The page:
If we are fortunate to raise both buildings, the string of cabins and shelters from Mt. Cabot in the south to Deer Mountain in Pittsburg in the north will be just about complete. We are still interested in developing a shelter in Dixville on Mt. Gloriette to shorten the tough 14-mile distance of the trek between Baldhead Shelter and Panorama Shelter. Once we have the Tillotson Shelter and the Devil’s Rest Shelter in place, we can think about a shelter for Dixville and perhaps even one for the Pondicherry Wildlife Refuge region.

The most troublesome missing link in the shelter system now is the lack of a lean-to in the Clarksville area, between Coleman State Park and Lake Francis State Park. But we may not need one in the future provided we are able to someday soon build a direct woods trail north out of Coleman to Lake Francis.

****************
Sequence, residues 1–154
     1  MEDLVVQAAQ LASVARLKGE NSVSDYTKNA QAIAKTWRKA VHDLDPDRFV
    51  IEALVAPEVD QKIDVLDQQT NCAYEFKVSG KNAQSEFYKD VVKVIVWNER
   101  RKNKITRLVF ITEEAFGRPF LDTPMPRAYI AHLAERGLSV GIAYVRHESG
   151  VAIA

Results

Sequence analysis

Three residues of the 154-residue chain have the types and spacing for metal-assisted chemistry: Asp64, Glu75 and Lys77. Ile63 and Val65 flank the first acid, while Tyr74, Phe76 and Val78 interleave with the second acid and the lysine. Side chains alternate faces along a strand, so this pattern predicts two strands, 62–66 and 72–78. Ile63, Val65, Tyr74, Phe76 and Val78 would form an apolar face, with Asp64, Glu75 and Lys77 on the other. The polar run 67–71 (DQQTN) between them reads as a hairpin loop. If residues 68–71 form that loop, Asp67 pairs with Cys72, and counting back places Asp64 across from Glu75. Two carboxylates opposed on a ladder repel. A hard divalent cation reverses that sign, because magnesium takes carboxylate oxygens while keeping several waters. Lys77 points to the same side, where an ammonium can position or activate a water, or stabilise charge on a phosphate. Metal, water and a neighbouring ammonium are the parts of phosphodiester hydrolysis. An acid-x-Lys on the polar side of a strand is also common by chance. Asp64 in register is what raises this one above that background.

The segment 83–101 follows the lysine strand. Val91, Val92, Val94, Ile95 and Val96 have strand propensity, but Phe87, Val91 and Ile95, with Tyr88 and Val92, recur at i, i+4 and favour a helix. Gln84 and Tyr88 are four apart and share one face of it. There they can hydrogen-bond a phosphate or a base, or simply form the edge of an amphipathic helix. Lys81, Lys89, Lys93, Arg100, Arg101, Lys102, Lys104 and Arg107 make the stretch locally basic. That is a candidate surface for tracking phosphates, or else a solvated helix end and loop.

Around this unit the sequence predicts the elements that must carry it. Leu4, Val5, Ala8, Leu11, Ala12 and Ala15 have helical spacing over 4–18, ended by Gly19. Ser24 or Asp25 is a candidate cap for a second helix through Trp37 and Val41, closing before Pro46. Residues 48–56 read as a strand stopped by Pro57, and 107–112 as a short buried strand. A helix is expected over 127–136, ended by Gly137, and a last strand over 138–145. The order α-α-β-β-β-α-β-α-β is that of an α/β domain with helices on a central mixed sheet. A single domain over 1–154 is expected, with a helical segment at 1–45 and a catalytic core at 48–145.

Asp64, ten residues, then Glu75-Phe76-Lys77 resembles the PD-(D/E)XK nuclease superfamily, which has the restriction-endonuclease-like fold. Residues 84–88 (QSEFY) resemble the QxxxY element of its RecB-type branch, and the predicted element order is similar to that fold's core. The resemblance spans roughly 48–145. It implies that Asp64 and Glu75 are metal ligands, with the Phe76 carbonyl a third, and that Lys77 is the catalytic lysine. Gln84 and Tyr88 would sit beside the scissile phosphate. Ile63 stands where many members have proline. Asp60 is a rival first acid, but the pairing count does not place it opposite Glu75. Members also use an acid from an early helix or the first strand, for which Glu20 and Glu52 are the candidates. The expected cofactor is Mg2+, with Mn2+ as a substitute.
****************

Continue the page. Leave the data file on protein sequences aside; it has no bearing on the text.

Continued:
Whenever we build shelters, we get lots of folks to come out and help us. We always have a good olde time of it. When the time comes, come on out and join in the effort. Beats sitcom repeats and depressing political races, most would agree.



Nash Stream Shelter

A few weeks ago, we said to stay tuned for some good news. Well here is the first round of good news, with more to come in a week or two.

The Cohos Trail Association board of directors met and authorized Ken Vallery, the president of the association, to sign an agreement offered by the Society for the Protection of New Hampshire Forests (SPNHF) to erect a new lean-to shelter and composting latrine on the north central boundary of the Society’s Kauffmann Forest just south of the southern border of the Nash Stream Forest.